The Problem with Purchasing Used Custom-Built Equipment

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By |July 5th, 2017|Homogenizer|

Occasionally, we receive an inquiry regarding used equipment.  The client might want to know the specifications for a system built 10-30 years ago. Sometimes, we have the records and can provide detailed specifications. Often, the unit is too old for our records and we can provide an educated guess as to the original design. Additionally, it is not unusual to find a listing for a used Sonolator homogenizer system which in fact no longer has the homogenizer or mixing element attached and therefore is just a pump and motor.

The real problem is that all our homogenizer systems are custom built to meet a specific application and customer need. Each and every system is different — there are no “off-the-shelf” systems. The only exception to this rule is our lab scale system, which is pretty straight forward and built to deliver up to either 2500 or 5000 PSI.

Custom-designed for your application

Each individual application calls for a best lowest pressure and therefore all our systems are designed to deliver that pressure.  The flow rate is determined largely by the client’s operations.  For example, if a bottling system requires 5 GPM, then the system might be designed to deliver 5-6 GPM. There is often an upper limit on both the pressure and the flow rate, but a system could be run at lower pressure and/or lower flow rate. This is controlled by the speed of the motor and the size of the orifice.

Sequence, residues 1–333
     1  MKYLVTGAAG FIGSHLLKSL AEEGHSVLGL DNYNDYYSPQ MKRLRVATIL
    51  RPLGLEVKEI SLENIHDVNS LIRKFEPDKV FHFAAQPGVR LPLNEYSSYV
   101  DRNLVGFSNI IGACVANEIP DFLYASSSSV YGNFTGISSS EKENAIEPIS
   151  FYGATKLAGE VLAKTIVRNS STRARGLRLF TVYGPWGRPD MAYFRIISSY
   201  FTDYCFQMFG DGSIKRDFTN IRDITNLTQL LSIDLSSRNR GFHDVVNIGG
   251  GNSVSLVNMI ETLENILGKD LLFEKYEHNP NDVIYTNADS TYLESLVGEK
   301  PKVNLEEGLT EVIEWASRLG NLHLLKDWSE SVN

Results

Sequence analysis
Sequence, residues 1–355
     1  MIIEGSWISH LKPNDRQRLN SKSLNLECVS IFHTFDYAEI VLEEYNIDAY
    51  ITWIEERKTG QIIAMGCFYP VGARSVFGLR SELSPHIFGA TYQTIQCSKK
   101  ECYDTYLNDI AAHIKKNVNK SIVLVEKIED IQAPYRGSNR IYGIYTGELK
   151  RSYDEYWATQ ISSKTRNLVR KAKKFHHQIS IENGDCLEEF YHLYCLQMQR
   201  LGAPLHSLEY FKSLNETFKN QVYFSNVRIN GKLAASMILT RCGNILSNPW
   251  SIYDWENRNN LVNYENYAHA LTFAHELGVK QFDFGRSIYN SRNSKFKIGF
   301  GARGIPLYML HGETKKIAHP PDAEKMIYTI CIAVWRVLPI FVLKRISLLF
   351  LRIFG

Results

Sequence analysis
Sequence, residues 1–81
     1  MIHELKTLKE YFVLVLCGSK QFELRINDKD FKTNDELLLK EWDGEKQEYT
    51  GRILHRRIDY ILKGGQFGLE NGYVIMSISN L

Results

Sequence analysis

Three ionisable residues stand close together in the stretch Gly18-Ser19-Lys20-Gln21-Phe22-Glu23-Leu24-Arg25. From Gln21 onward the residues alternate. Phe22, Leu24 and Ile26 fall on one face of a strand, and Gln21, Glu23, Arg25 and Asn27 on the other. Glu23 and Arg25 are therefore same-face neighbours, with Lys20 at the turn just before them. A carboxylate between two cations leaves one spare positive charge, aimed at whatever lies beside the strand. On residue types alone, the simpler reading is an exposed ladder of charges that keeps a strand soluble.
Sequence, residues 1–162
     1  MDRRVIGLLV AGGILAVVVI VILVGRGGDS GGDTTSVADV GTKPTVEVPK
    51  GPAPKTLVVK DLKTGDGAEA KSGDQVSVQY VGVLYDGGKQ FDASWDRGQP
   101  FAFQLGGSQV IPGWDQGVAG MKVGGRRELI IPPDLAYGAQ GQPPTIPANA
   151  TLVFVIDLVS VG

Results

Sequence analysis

The work involved in defining the correct operating pressure and flow rate are in fact the same for a used piece of equipment as it is for new. In general, it is not worth Sonic’s time to get involved in the used market, because the work is the same, but the return is significantly lower. While we applaud those who are able to find a used Sonolator homogenizer system to meet their needs, it is very rare for someone to find one that will meet their exact needs. It can be a frustrating process — one in which many individuals give up looking. Time is better spent justifying the cost of purchasing a new, custom-designed system to meet operational needs.

Above: Images of a “Sonolator” listing from popular resale website — but in fact the Sonolator mixing elements have been removed, so these are really just pumps and motors.

Above: an image from the same listing showing the Sonic Sonolator tag with model number, etc. Again, there are no Sonolators actually contained in this equipment. They are fine pumping systems, but not homogenizers — as always: Caveat emptor! (buyer beware)

From the images above, you can see that one of the units listed was built in May 1998 — 18 years old. It is not unusual to see Sonic equipment operating well past 20 years, so there is most likely some life left in this unit. However, once again, the key the Sonolator homogenizer mixing element is not included with the unit. The Sonolator is operated between 100-5,000 PSI and from 1/2 to 150 GPM.

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About the Author:

Rob Brakeman
Owner & Director